So how should suppliers ensure that they can benefit from this growth opportunity?
The costs of entry into convenience stores will no doubt go up but for good reason: there are more products competing for limited space. While you may be able to justify many SKUs in a multiple, that is probably not the case in a convenience store. Before considering that you want the same product in all of the stores consider that not all stores are equal. Different stores serve different needs. Some stores are food-to-go and lunchtime based, some are motorway or long distance commuters, some are top up grocery shops for the neighbourhood, some near schools or colleges focus on students. Understand which shopper you are targeting and which sub-set of convenience stores to focus on, then focus your investments on stores where you are most likely to get a meaningful return. If possible ensure you have some control over your listings by store format rather then store group, this will ensure you have the highest possible chance of matching your range to the consumer need.
You must assess your brand portfolio; brand by brand, product by product, against the needs and missions of the convenience store shopper. Only if your brand delivers enough value to the shopper, the retailer, and of course you, should it be proposed for listing.
Target promotions wisely
As with the multiple channel, there may be an over reliance on promotions in convenience. While manufacturers may feel obliged to support their retailer’s promotional programs, understanding how best to optimize this investment is key. Think about who you are targeting, is this the right brand or sub category that matches the specific consumer need? Think about who the target shoppers are and tailor your activities to match their needs as this can deliver significantly better returns. Think about running promotions by store format rather than by total group, where possible match your range to what appeals to a specific consumer need i.e. top grocery won’t appeal to commuters or food-to-go site types but soft drinks and confectionery may do extremely well.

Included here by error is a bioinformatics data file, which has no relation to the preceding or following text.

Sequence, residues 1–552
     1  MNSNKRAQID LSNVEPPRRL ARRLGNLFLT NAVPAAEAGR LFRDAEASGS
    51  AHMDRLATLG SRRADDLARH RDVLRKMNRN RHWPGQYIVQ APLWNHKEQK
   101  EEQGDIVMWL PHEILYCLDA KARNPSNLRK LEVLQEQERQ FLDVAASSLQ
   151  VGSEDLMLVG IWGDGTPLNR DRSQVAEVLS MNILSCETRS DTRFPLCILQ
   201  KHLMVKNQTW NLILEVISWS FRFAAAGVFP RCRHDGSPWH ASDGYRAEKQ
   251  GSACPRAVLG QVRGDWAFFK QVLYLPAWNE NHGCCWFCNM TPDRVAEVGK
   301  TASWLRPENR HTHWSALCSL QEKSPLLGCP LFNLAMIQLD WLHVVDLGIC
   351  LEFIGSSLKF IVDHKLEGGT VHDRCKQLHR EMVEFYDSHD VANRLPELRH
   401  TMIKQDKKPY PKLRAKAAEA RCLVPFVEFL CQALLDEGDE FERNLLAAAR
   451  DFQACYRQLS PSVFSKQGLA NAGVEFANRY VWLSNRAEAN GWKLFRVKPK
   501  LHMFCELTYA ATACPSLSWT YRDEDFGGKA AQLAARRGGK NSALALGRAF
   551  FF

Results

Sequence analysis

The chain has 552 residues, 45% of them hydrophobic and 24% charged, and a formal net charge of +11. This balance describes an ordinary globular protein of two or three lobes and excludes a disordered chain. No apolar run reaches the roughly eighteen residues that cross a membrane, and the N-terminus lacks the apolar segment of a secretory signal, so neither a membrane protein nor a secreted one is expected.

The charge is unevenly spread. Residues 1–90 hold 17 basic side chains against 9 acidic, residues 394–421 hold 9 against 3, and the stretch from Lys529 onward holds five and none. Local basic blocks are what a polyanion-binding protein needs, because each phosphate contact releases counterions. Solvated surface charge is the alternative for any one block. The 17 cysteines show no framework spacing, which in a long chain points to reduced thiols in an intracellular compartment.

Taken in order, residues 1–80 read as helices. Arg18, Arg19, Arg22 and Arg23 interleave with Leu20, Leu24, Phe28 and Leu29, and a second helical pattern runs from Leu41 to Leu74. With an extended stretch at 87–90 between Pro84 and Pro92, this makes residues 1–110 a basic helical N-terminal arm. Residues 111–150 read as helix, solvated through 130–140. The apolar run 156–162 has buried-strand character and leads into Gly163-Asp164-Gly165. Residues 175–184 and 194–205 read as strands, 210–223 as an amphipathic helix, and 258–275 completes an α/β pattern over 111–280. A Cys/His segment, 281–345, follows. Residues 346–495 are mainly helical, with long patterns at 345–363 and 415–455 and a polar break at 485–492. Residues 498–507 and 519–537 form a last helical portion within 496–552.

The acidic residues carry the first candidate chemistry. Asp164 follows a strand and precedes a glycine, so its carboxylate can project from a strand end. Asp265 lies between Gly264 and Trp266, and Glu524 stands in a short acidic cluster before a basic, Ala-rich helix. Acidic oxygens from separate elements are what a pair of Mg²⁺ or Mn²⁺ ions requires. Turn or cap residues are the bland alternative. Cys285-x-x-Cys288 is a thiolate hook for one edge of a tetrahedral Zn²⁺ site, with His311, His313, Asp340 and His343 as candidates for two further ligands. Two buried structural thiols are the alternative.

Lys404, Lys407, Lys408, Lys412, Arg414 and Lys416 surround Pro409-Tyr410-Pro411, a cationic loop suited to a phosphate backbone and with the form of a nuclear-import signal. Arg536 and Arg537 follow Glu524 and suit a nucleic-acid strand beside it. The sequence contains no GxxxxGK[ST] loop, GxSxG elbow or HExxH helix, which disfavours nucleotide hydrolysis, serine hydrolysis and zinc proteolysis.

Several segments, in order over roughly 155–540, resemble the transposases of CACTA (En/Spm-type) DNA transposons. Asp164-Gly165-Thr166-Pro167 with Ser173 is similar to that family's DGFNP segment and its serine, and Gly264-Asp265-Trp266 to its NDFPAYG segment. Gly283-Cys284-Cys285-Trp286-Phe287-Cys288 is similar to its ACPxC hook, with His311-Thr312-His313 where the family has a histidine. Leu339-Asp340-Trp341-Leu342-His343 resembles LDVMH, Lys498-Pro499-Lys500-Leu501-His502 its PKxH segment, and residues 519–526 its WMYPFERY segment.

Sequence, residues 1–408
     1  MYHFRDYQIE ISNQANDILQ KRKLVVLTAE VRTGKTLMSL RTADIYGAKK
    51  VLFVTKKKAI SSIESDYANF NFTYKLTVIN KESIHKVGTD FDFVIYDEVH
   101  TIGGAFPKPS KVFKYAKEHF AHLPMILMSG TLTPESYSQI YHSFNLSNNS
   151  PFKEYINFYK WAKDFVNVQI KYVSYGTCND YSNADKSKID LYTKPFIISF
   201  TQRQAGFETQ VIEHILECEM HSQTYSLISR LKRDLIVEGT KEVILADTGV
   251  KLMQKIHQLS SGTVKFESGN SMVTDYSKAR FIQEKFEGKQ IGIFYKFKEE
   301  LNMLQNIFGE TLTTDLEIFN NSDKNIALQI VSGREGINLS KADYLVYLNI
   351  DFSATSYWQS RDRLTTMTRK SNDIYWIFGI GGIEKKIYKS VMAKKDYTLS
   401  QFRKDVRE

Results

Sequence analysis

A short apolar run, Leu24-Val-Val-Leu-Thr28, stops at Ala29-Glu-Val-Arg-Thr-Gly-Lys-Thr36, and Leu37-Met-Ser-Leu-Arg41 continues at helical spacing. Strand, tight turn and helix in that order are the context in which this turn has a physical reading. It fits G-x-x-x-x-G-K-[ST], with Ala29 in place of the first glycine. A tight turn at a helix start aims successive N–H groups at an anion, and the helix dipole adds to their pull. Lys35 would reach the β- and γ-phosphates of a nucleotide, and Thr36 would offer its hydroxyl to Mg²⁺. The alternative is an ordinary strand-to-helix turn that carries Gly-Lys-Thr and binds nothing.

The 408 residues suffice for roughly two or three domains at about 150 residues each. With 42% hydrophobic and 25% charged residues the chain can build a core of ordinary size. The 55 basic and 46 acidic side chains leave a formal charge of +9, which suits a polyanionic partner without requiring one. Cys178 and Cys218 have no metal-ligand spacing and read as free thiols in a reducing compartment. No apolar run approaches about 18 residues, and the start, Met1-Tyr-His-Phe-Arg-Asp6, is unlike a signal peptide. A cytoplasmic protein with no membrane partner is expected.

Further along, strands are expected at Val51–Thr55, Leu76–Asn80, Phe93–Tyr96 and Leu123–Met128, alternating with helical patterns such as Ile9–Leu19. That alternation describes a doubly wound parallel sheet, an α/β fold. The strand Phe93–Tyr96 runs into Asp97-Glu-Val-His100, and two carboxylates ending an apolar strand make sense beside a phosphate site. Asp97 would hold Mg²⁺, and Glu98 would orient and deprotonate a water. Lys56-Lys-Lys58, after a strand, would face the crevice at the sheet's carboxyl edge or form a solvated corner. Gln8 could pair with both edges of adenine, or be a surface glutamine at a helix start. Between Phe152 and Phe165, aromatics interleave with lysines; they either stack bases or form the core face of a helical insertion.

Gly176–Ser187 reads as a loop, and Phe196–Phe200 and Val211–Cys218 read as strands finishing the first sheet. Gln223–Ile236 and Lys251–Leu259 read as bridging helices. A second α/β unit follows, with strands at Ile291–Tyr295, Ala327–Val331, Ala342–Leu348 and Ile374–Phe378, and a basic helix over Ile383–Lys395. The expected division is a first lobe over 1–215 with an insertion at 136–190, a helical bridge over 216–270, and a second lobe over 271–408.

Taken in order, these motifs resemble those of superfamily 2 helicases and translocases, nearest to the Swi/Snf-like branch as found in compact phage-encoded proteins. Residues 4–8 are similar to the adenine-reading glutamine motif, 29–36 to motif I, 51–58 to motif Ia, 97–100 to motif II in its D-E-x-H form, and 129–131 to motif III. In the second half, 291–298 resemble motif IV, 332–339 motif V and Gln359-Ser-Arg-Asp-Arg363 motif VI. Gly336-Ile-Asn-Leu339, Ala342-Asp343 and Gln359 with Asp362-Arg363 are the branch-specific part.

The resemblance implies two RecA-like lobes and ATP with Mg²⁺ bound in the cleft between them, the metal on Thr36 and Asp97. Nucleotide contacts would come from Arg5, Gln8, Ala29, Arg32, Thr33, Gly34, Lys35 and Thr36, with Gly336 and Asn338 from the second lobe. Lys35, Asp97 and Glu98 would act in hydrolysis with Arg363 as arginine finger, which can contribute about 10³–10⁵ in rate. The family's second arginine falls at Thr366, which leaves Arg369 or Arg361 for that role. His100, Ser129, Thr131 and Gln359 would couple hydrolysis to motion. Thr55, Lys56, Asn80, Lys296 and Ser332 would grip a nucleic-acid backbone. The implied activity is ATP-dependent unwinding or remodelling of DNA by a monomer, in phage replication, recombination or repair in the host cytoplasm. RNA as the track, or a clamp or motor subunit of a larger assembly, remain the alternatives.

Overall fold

Convenience stores are likely to grow in the future. Plan wisely and invest your resources in better understanding the consumer’s habits in this channel.
Remember to share your insights with the retailers as this will ensure you are better rated in the retailers mind and more likely to gain influence with them. Ensure your investments can be scaled up as the channel expands or retailer brands consolidate. Consider that you don’t need to be in every store but in stores that match your brand portfolio, or you may consider having a portfolio that matches each consumer need.
After spending much of my own career in convenience retailing I have witnessed many of these changes and in my own small way helped influence some! It was no easy task to introduce new categories into the business and indeed not all ended up being introduced, but both Statoil and Topaz went on to be format influencers in the channel so I must have done something right! I have learned that in order to survive in convenience, you must fully understand your customers needs or habits and innovate or shape your business around them, as long as you continue to innovate and adjust your strategies to match the likelihood is that you will be successful!
Anyway thats my view.......
Gerry Byrne is the owner of shelfstock a company that specializes in everything to do with consumer insights, store planograms and category management. Please feel free to get in touch for more information on any of these topics